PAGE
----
Tate steps down as interim chief
DEMOPOLIS &8212; Tommy Tate said financial considerations were the driving factor in his decision to step down as interim fire chief, a move he made on Friday.
Tate is returning to shift work as a captain, the position he served in before taking the interim job, but will continue to oversee the day-to-day management of the department, Public Safety Director Jeff Manuel said Monday.
Manuel and Tate reached an agreement on Friday, according to Tate, that would allow for him to return to shift work and his part-time job with a private company. The agreement, Tate said, is for 60 days.
The agreement, which Tate would not release, was sent to Mayor Cecil Williamson on Friday. Williamson was out of town and unavailable for comment on Monday afternoon.
Tate, who took over as interim chief in December, said he is still interested in the full-time position as fire chief, but that the city would have to meet certain financial obligations.
As a captain, Tate was paid $44,500 annually plus overtime. He said he made $48,000 in 2006. As interim fire chief, his salary was set at $48,000.
When former Fire Chief George Davenport retired, he was making $54,000 annually.
Tate said he originally asked for $62,000 but said he would accept the position for $58,000 annually, which is how much he said he needs to continue to meet his family obligations.
While he would not say exactly how much he made with his part-time job, he said it was considerably more than what he was seeking as fire chief. Furthermore, he said, he believes the increase in salary could be justified because of the additional work the new chief will face.
Tate said that during the more than five months he has acted as interim chief that the city has spent $25,000 in overtime to cover his shift and the captain&8217;s duties.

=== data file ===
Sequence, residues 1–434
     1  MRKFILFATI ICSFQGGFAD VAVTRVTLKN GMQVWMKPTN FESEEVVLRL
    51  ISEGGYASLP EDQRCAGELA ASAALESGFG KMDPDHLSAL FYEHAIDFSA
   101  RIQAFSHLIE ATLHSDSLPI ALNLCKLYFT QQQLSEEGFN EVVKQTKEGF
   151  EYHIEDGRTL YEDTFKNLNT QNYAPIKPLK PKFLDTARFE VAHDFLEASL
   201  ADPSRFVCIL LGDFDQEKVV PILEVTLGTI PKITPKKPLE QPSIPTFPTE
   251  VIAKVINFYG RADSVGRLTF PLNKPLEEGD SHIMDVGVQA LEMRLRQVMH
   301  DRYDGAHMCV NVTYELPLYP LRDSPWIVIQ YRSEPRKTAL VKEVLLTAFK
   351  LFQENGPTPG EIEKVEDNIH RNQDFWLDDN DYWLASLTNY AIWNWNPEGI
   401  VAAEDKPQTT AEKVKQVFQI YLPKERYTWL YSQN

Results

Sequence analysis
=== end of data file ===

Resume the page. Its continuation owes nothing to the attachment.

The negotiations over salary came when the Finance Committee made Tate an initial offer of $50,000. Since that time, Williamson has said that Tate turned down the job. He disputes that characterization.
Tate said he is not trying to play hardball and has no ill will toward city leaders. However, he said he must do what is best for his family.
Councilman Woody Collins said he hates the decision being about money but understands from where Tate is coming. At the same time, Collins, who is a member of the Finance Committee, said the city has to do what is in their best interest financially.
Collins did praise Tate for working with city leaders to make sure the department continued to run smoothly during the search.
Councilman Thomas Moore, who sits on the Personnel Committee, said on Monday that he was not aware of Tate&8217;s decision. He therefore declined comment on the search.
Councilman Melvin Yelverton, the only other councilman on the Personnel Committee, could not be reached for comment.